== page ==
Reevaluation of Regulatory Guidance on Modal Response Combination Methods for Seismic Response Spectrum Analysis (NUREG/CR-6645, BNL-NUREG-52576)
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Manuscript Completed: September 1999
Date Published: December 1999
R. Morante, Y. Wang
Brookhaven National Laboratory
Upton, NY 11973-5000
R. M. Kenneally, NRC Project Manager
Division of Engineering Technology
Office of Nuclear Regulatory Research
U.S. Nuclear Regulatory Commission
Washington DC 20555-0001
NRC Job Code W6521
Regulatory Guide 1.92, "Combining Modal Responses and Spatial Components in Seismic Response Analysis," was last revised in 1976. The objectives of this project were to re-evaluate the current regulatory guidance for combining modal responses in response spectrum analysis; evaluate recent technical developments; and recommend revisions to the regulatory guidance. In addition, Standard Review Plan Section 3.7.2, "Seismic System Analysis," was reviewed to identify related sections which may need to be revised. The objectives were addressed through a literature review of past studies, supplemented by analysis of a piping system model previously utilized in NUREG/CR5627, "Alternate Modal Combination Methods in Response Spectrum Analysis."
This project evaluated (1) methods for separation of the in-phase and out-of-phase modal response components; (2) methods for combination of the out-of-phase modal response components; (3) the contribution of"missing mass"; and (4) the combination of the three elements of response to produce the total response. Numerical results from response spectrum analyses were compared to corresponding time history analysis results to assess the accuracy of the various combination methods tested.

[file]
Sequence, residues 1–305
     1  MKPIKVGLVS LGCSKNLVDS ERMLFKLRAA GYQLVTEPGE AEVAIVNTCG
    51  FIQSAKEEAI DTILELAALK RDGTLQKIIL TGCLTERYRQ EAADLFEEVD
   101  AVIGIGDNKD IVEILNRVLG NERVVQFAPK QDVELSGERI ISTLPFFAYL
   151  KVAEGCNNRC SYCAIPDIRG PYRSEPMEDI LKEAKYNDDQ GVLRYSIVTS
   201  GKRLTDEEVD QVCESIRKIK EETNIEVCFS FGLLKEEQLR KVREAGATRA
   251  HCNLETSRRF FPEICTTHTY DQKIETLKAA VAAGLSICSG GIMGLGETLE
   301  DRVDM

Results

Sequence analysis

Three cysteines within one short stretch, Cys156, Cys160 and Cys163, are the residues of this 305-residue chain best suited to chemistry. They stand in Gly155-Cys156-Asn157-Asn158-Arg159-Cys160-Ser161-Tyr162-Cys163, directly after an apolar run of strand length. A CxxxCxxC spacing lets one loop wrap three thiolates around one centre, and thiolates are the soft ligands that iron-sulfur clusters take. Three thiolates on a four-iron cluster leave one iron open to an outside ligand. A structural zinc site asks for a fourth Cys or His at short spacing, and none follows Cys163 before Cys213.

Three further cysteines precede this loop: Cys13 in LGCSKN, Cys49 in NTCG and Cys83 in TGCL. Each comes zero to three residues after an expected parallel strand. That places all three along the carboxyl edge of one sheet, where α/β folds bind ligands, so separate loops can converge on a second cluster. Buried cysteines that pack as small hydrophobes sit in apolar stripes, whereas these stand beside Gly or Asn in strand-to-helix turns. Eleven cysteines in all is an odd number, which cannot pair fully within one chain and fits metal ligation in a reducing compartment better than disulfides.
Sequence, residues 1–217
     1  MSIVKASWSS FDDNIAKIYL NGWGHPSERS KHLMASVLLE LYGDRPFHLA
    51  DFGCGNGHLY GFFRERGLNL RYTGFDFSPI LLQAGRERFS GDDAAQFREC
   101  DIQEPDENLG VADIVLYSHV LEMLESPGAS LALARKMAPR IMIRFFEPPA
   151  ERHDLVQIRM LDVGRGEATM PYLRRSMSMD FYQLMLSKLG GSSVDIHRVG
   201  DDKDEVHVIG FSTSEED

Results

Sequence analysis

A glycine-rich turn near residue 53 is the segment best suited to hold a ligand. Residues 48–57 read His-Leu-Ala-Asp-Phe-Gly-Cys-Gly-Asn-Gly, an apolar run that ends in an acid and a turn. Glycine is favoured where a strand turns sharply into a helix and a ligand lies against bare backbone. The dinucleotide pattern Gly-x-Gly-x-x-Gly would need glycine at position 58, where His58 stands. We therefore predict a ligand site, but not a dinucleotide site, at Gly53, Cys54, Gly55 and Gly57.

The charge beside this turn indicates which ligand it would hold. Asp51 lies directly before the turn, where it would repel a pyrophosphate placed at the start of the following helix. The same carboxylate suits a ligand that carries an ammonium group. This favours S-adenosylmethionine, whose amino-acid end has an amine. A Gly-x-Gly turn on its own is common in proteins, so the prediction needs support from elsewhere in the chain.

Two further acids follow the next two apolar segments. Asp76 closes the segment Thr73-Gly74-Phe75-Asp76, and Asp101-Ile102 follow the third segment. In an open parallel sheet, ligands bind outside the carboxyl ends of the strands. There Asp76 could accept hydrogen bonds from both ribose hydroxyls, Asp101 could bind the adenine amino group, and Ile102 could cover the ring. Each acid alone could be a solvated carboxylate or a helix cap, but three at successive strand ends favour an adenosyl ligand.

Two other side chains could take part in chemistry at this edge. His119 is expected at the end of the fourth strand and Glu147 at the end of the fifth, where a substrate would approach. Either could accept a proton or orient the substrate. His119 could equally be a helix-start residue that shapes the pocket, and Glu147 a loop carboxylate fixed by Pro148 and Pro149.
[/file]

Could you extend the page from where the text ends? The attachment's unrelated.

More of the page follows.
During the course of the project, several insights relating to potential improvements in the methodology for seismic analysis were identified and documented. These include (1) improvements in correlation between mode superposition time history and direct integration time history; (2) use of response spectrum generation single degree of freedom oscillator responses to define the frequency above which modal responses are in-phase with the input time history; and (3) evaluation of the effects of potential differences in mass distribution used in static and dynamic analyses of a piping system.
The conclusions of the project are (1) several of the modal response combination methods evaluated should be included as acceptable methods in the next revision to Regulatory Guide 1.92; (2) deletion of several of the modal response combination methods currently in the Regulatory Guide should be considered; (3) the Regulatory Guide should be revised to specifically define acceptable procedures for constructing the total response spectrum analysis solution; and (4) several variations of modal response combination methods, which were examined to try to improve accuracy, showed promising results and warrant further study.
This project did not specifically analyze the modal response combination methods applied to highly flexible, low frequency systems. A separate evaluation for these systems should be considered.
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